Detroit businessman William Pickard describes role of social work training on his success

Detroit entrepreneur and philanthropist William Pickard this month told a Wayne State audience that he credits his social work training and early career in community organizing for helping him succeed in business.

“I’m not an engineer nor am I an expert in manufacturing, but I know how to manage people,” said Pickard, who during his four-decade career has owned McDonald’s franchises, established Global Automotive Alliance, LLC, invested in Real Times Media and a co-managing partner of MGM Grand Casino Detroit, and is one of the owners of Michigan Chronicle. “Social work gave me a tremendous head start in getting people to work together, and at the end of the day no matter how good you are at business, it’s a team that wins it for you.”

Pickard shared insights on how to overcome barriers to success, outlined in his upcoming book, Seven Principles of Entrepreneurship at a Nov. 10th “fireside chat” sponsored by Wayne State’s entrepreneurial hub Innovation Warriors (formerly Blackstone LaunchPad), the School of Social Work, and the Mike Ilitch School of Business. The Q&A session, which was hosted and moderated by Innovation Warriors Director Aubrey Agee and filmed at Wayne State’s Midtown TV Studio in the Maccabee Building, was part of a speakers’ series titled “Humble Beginnings” as well as a local initiative called Black Business Infrastructure that focuses on solutions to impediments facing black businesses.  Agee asked questions that delved into challenges of being a black business owner starting at the beginning of Dr. Pickard’s entrepreneurial and educational careers.  Student entrepreneur Phill Coleman, CEO and founder of digital marketing firm Young Urban Creative Collective (YUCC), was a special guest moderator and asked questions in running a startup and finding good mentors.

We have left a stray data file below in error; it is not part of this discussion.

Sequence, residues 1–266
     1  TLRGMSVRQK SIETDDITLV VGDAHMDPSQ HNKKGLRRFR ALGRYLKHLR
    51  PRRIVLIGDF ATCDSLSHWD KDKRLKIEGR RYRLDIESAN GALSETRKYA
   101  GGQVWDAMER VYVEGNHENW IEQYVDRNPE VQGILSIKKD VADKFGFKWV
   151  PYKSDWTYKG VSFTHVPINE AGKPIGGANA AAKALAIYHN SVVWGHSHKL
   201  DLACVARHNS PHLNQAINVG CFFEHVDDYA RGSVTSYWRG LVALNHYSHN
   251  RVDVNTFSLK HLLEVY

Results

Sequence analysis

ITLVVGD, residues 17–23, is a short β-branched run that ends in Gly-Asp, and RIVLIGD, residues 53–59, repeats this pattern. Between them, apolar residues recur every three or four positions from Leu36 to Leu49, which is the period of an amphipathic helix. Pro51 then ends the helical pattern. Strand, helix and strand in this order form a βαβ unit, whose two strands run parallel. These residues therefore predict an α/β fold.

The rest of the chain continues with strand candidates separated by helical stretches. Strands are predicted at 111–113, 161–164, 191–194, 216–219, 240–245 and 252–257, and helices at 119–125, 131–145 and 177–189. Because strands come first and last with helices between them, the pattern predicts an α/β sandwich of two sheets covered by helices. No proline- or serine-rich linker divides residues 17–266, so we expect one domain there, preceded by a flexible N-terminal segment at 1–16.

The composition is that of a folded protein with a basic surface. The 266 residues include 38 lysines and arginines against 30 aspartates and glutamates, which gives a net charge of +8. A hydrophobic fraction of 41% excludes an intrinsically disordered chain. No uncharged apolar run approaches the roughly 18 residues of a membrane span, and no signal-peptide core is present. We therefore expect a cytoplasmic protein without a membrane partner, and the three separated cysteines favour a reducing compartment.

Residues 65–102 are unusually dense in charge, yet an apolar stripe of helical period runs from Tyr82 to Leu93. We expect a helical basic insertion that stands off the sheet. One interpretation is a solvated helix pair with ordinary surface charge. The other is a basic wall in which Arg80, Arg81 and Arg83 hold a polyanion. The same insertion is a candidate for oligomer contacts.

Pickard recalled growing up in Flint, where he grew committed to the Black liberation movement of the 1960s and where, despite low test scores and admonishments that he was “not college material,” he attended Mott Community College. After earning a bachelor’s degree from Western Michigan University in 1964 and an M.S.W. from University of Michigan in 1965, he worked for the Cleveland Urban League and the NAACP until pursuing a doctoral degree at The Ohio State University, which he earned in 1971. That same year he joined the social work faculty at Wayne State, where he taught until 1974.

Despite leaving the school to devote himself full-time to business ventures, Pickard characterized his years on the social work faculty as a “great experience,” where he met “outstanding people” and came to know the city of Detroit when it was still “a mecca for Black America.” He also recalled his early years in Detroit as those where he established relationships that would prove instrumental to thriving – and surviving – in business.

“Relationships are critical in this game of entrepreneurship, because people tend to do business with people they know and like,” Pickard said. They are also critical in tough times, Pickard said, describing how he avoided bankruptcy when a Plastics Company he owned grew too fast because members of the black community advocated before the bank on his behalf.

Throughout the fireside chat, Pickard returned frequently to the themes of relationships, teamwork, faith, and perseverance.

“Failure is never fatal and success is never final,” he said. “I just believe in getting up. Do good and try to be fair with people and it comes back to you.”

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150 years in the heart of Detroit